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Yukina’s would-be protectors mount a search for her; Ken on the big horse he met earlier, Akagi on his refueled bike (with Kaya tagging alone, hungry for more viral streaming).

Rather than go to school (which would feel like a quick surrender), Yukina heads into the Kurowashi Valley, where the castle of Ken’s lord once stood but has since been reclaimed by nature.

Not having any satisfying answers about how to proceed, perhaps she thinks following her father’s journal and exploring the site where the demons once attacked might shed some light on her proper path. Or heck, maybe she’ll find her missing dad.

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Little does she know, the area is swarming with formerly dormant Efidolg Cactii, one of which zeros in on her location and attacks her. She’s saved neither by Ken (who gets close but never finds her by episode’s end) or Akagi (who took off later).

Instead, the magenta cactus is destroyed by a mysterious blue robot and a man with a very sharp sword and a watch Yukina instantly recognizes as—you guessed it—her father’s. The way this reunion has unfolded, it’s almost as if Yukina was always meant to ‘run away’ (even just a little bit) in search of either a reason for—or alternative to—pilot Glongur.

I’ll close by presenting two little snippets from the episode of both Ken and Yukina talking to themselves:

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I just wanted to point these moments out because I laughed heartily at both, for different reasons. Ken’s surprise at the horse’s size is another unique product of a samurai from four centuries ago suddenly finding himself in the present, where horses (and Japanese people) are simply larger due to better food, medicine, and breeding. His delivery is great too.

Yukina’s observation, on the other hand, is one of the most sophisticated collections of words she’s spoken. It seems meant to show us there’s more to this unmotivated airhead than meets the eye. She’s either a secret geology buff or maybe she was just paying special attention to one particular part of class.

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Kuromukuro – 07

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Ken and Yukina achieved a great victory; they are the only ones in the world who were able to defeat a geoframe of Efidolg, even if Hedo took his own life rather than allow himself to be captured. But it’s far worse than that: Yukina is simply done.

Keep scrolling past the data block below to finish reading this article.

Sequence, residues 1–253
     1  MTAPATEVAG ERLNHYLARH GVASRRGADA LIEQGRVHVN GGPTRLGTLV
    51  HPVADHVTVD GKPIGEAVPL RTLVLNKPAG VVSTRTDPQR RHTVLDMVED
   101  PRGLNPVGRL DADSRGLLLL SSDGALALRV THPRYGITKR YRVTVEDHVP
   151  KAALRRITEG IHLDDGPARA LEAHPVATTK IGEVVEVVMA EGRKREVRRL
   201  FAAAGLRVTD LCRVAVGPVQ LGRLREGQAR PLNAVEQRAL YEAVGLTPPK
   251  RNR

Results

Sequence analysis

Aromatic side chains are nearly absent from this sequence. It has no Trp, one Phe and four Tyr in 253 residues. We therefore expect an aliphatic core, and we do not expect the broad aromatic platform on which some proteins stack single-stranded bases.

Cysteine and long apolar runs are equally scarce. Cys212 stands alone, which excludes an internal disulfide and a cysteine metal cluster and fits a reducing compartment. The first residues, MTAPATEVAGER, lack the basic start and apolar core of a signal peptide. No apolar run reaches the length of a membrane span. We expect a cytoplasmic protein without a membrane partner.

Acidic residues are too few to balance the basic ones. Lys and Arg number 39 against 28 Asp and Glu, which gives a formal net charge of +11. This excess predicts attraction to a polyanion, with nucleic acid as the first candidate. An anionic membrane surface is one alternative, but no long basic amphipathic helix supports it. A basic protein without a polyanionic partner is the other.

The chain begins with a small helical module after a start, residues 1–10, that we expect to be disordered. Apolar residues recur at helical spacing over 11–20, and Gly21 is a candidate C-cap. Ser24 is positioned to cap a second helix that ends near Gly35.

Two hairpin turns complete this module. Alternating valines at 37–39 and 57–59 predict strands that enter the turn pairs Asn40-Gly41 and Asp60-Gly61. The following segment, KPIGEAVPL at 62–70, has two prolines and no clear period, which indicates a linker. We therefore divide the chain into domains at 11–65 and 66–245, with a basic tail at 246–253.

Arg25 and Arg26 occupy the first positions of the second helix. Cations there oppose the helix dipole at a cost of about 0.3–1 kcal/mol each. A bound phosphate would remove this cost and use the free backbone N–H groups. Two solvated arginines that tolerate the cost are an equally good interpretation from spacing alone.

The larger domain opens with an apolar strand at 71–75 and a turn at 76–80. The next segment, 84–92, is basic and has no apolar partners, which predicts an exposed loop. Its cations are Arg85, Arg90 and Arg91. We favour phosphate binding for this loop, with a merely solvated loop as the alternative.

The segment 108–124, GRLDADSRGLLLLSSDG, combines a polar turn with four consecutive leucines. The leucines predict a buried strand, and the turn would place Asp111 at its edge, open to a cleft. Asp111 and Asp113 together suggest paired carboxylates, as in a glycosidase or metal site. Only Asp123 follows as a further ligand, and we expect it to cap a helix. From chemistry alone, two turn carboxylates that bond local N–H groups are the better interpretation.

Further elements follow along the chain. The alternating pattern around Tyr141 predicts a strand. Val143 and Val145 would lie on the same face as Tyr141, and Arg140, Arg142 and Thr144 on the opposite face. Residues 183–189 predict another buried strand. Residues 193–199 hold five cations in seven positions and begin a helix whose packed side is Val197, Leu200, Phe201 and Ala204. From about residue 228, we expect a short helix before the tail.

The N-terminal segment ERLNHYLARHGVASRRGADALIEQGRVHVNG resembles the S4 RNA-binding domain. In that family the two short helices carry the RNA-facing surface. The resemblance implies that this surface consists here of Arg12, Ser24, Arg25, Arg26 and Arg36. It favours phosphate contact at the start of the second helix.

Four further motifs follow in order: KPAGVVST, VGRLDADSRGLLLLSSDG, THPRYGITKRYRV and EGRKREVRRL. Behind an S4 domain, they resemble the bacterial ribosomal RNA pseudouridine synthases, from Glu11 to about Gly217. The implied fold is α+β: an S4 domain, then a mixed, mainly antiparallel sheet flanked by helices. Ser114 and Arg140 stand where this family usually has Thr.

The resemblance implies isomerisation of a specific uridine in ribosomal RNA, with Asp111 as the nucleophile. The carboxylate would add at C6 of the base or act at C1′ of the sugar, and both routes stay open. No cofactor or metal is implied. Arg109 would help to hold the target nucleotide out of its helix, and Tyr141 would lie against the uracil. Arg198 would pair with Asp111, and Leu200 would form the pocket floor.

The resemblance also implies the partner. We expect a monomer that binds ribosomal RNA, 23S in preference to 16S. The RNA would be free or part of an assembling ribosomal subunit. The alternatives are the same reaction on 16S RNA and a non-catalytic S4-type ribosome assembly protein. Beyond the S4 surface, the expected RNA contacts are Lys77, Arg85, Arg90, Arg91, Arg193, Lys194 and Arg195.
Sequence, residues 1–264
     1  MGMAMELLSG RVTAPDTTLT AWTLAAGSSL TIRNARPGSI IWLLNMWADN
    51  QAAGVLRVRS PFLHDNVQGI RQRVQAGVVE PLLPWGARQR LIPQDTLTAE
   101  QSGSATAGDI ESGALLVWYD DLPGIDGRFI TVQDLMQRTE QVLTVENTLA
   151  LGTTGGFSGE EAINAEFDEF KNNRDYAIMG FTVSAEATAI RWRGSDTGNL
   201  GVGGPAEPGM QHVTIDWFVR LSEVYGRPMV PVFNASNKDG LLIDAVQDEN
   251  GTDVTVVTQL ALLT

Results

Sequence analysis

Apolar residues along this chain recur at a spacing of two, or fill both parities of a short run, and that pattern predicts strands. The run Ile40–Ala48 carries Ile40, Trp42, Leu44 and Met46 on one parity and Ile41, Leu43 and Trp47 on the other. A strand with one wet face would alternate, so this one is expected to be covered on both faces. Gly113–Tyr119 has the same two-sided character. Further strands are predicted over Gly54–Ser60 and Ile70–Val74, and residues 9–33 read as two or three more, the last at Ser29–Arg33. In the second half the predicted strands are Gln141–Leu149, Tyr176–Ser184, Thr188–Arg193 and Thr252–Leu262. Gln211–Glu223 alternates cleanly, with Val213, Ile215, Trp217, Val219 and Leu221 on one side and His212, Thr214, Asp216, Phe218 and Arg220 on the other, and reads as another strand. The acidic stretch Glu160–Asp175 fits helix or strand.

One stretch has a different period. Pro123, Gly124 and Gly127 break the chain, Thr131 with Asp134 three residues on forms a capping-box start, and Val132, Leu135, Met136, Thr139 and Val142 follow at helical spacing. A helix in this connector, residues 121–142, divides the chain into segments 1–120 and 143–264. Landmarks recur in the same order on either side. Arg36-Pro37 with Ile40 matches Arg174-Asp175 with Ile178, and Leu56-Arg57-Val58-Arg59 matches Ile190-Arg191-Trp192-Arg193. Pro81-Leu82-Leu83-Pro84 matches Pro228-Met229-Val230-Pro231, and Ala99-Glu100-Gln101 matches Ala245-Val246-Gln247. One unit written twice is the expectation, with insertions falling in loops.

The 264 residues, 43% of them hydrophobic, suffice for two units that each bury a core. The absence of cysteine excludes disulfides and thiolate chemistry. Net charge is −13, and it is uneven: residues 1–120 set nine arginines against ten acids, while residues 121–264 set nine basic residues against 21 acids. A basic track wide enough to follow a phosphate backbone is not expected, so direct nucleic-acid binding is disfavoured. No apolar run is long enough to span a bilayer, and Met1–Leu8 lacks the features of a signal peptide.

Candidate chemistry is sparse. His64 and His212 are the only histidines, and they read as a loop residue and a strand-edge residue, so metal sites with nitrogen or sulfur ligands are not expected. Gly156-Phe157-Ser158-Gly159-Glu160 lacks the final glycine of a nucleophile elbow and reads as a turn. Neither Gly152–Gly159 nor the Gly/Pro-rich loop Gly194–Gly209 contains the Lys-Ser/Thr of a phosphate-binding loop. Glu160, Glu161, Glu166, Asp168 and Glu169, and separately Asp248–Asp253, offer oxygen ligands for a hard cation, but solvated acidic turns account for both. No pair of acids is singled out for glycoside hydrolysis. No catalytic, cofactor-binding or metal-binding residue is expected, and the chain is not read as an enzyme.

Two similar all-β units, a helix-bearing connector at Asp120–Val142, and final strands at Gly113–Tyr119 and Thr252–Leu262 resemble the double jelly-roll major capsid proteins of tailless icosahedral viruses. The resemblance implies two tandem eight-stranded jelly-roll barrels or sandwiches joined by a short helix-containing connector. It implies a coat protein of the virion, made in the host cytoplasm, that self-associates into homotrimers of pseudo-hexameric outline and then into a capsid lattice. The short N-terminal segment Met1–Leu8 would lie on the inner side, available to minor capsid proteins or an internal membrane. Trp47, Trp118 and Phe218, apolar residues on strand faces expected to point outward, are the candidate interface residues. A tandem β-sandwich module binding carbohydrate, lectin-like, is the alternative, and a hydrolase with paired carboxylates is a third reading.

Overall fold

She’s gone along up to this point, but she never truly signed up for this, and she just can’t get into the headspace required to take more life, especially when the so-called “demons” have human form. She retreats into her room; into her dreams; into her past, when she was berated by peers for being the daughter of a presumed madman.

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His “lies” made her a liar. She’s always resented this, and her mother was never present enough, either emotionally or physically, to do much about it. So it’s stewed. That Dad turned out to be right doesn’t change the fact she carries scars, even if they’re not the kind that show, like Ken’s (whose bashfulness with “virtually naked” girls during a free swim was another nice touch. Dude is simply not used to women.)

It’s not that she takes a particular moral stance against fighting the enemy; she simply feels deeply in her bones that she’s not the girl for the job. Tom doesn’t help matters by calling her worthless. At school, Yukina feels lost, and she can’t accept the adoration and gratitude of most of her classmates, because some believe she did nothing to save Akagi and Kaya from being killed (their fates remain a mystery).

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Sophie, for her part, tries to make an appeal to Yukina’s inner bushido, but to no avail. Yukina doesn’t want to be the person with the fate of the world on her shoulders. It’s just too BIG. Why can’t she just go to the supermarket after work and buy ingredients for dinner?

When Ken finally tries to assure her he doesn’t think she’s just a tool, and then plots out his post-revenge course as leading to his eventual reunion with the princess (i.e. death or suicide), Yukina’s refusal to ride with him intensifies. She doesn’t want any blood on her hands.

She also believes the demons aren’t demons, after meeting one and seeing an ordinary human. We’re finally allowed inside the orbiting Efidolg mothership, where a small council of pilots like Hedo reach the consensus that their plans cannot continue as long as Glongur walks the Earth; it and its pilot must be destroyed.

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These spacefaring warriors seem so very far away from Yukina’s simple life, but at this point I just don’t see her staying out of the fighting. Even if her mother won’t force her, something will surely come up to convince Yukina, like her male Eva counterpart Ikari Shinji, to jump into that cockpit once more.

Despite Yukina’s multiple (and reasonable, considering the life she’s led thus far) reservations, and the fact this week ends with her running away from home after her mother slapped her for being presumptuous about her late father, this only seems like delaying the inevitable: Yukina and Ken will keep fighting Efidolg, because no one else can, and because those Yukina loves and cares about will be in danger if she doesn’t.

There’s also, like, a million episodes left. Way too early for our heroine to throw in the towel…but probably not the last time she’ll waver, either.